Oak Hill youth jail criticized

April 13, 1994|By Peter Hermann | Peter Hermann,Sun Staff Writer

WASHINGTON -- A lawyer representing inmates at the District of Columbia's maximum-security youth prison in Laurel yesterday condemned the prison's operation and asked a D.C. judge to increase fines the city has paid because of the prison's overcrowded conditions.

The attorney, David Reiser, asked Superior Court Judge Ricardo M. Urbina to increase the fine to $1,000 a day for each inmate that the Oak Hill Youth Detention Center is over capacity. The current fine is $1,000 for each day the prison is overcrowded.

Mr. Reiser said the conditions are "condemning the youths to Lorton," the district's adult prison in Virginia.

"They have been doing that for seven and a half years," he said. "We are asking for the easiest and most appropriate way to get the defendant to stop."

District lawyers argued that Oak Hill and the Receiving Home, an overcrowded youth prison in Northeast Washington, are above capacity because judges keep sending youths to the prisons, often with restrictive orders forbidding transfers.

"Why should the district have massive fines levied against it if the district cannot move these children?" argued Jesse P. Goode, who represents the district.

As of yesterday, 202 youths were housed at Oak Hill, which has a capacity of 150; another 57 were in the Receiving Home, which has a capacity of 38. According to court documents, the district has paid more than $2 million in fines since May 1989.

If the fines Mr. Reiser is asking for were in place yesterday, the district would have faced a $71,000 penalty. Instead, the district paid $2,000 for being above capacity at the two detention centers.

Judge Urbina said he would rule by April 21.

Oak Hill, located at Route 32 and the Baltimore-Washington Parkway, holds the district's most violent youthful offenders, ranging in age from 14 to 21. It has been a source of community concern for years, largely because of escapes.

Conditions there and at Cedar Knoll, a now defunct D.C.-run minimum-security prison nearby, were part of a consent decree signed in 1986. The decree ordered the district to improve

conditions, set up alternative placement centers and close Cedar Knoll. The minimum-security prison closed last summer when Congress cut off funding.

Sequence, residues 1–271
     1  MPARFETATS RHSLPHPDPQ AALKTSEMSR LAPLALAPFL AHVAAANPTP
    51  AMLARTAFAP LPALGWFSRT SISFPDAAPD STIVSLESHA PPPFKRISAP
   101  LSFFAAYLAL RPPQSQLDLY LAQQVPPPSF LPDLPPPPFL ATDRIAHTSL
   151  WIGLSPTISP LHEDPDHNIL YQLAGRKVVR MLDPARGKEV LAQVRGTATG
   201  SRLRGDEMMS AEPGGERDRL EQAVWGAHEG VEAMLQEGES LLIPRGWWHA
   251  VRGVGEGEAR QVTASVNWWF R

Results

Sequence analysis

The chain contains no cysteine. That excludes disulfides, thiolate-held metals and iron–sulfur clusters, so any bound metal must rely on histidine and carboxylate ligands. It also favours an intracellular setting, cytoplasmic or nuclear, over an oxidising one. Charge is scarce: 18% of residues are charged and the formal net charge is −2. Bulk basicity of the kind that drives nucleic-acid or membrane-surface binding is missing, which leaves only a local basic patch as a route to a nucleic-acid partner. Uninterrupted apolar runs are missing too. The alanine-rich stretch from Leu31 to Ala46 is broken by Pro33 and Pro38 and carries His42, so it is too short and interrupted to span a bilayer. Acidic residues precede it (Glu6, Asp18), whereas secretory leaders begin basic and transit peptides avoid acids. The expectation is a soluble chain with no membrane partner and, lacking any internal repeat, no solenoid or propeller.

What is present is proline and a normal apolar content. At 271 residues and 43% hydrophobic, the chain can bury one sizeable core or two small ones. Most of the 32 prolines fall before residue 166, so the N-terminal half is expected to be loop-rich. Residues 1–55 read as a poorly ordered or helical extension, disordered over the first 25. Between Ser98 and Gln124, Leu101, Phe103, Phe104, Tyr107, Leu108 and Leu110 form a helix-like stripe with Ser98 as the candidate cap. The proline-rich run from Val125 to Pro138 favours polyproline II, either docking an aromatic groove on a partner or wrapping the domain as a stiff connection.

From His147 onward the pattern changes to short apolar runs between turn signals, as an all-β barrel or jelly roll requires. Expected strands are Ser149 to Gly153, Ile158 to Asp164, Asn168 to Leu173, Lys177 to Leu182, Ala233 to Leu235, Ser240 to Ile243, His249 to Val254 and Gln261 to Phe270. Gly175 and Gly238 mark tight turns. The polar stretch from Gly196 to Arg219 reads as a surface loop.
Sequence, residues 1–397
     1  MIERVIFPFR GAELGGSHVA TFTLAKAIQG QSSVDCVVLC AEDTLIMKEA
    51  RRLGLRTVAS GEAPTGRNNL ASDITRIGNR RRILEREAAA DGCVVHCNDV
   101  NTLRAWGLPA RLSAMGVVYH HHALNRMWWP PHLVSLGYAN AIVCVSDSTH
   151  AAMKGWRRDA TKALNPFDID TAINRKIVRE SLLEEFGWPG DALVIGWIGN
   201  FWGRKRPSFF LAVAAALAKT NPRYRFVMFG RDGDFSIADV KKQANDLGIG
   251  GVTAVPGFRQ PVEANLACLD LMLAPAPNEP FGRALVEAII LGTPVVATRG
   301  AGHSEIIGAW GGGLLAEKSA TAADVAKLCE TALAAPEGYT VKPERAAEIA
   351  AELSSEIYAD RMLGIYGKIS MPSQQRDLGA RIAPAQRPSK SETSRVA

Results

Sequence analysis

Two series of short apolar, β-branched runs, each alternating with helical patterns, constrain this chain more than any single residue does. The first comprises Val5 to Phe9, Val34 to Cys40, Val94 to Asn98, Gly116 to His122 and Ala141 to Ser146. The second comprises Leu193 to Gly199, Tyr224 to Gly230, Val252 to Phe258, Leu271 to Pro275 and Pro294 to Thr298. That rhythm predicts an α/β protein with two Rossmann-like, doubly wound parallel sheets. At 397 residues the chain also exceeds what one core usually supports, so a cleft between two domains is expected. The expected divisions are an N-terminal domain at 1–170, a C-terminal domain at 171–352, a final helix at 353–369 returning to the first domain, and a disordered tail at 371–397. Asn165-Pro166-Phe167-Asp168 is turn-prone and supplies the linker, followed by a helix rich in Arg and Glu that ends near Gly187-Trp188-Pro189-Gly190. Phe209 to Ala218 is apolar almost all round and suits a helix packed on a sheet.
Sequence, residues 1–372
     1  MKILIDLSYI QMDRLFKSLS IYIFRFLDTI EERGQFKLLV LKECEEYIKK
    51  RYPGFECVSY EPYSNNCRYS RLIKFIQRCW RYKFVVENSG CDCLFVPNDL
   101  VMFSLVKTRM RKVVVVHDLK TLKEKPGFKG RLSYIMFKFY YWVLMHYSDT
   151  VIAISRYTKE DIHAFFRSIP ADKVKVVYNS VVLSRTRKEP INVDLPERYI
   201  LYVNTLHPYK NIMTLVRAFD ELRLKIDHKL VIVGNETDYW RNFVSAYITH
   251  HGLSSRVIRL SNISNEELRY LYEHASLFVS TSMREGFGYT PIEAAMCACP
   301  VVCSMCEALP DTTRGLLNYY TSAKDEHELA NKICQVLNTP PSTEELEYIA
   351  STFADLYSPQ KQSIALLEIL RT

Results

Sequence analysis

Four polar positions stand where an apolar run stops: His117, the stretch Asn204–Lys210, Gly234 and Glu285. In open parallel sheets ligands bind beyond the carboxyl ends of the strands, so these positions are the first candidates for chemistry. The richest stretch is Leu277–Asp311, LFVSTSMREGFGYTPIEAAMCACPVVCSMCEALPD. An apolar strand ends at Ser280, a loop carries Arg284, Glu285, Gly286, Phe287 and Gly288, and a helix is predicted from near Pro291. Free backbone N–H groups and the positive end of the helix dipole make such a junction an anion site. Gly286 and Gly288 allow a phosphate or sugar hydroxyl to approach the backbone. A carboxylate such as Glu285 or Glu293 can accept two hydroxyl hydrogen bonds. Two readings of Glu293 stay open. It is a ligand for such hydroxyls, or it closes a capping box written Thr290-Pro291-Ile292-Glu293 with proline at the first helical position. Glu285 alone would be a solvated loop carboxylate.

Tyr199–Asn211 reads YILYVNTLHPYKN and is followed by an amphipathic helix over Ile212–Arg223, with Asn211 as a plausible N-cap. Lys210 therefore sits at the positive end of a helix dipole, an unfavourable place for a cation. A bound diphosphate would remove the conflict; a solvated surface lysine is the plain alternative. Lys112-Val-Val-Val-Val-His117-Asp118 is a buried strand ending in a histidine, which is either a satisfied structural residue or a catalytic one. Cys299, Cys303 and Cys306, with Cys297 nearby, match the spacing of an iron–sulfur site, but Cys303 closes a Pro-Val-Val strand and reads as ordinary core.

In oral arguments and in court papers filed yesterday, Mr. Riser said conditions at Oak Hill were so bad "no one involved in this case would defend" it. He said inmates assigned to dormitories have no private place to store personal items, do not have school programs and have asked to be housed in protective custody "because they fear violence from other youths at the facility."

At the Receiving Home, there is not enough clothing for female inmates, bathrooms are unsanitary, children reported sleeping on window sills and others were locked in their bedrooms because the staff was overwhelmed, Mr. Reiser said.

Mr. Goode said the consent decree forbids fines or contempt charges if judges sentence youths to the prisons. He also argued that the financially strapped city cannot afford the fines.

"The fines being requested would ultimately change the face of the district's budget. It is all the more proof that all the plaintiff wants to do is punish," he said. "We have done everything we can do under the power of the executive to bring the population down."

Mr. Reiser said the district has failed to set up alternative placements, thus limiting the choices of judges. This explains why several youths are in Oak Hill on truancy charges, he said.

"Truant kids presumably should not be in the system," said Britt Reynolds, who also represents the city. "But, and I don't mean to be flip, it is not the Department of Human Services that make those decisions."

Mr. Goode, arguing that many youths are sent to Oak Hill out of concerns for public safety, said it is unfair to second-guess placement decisions.

"The plaintiffs are putting themselves in the minds of judges," he said. "I think that is wishful thinking."

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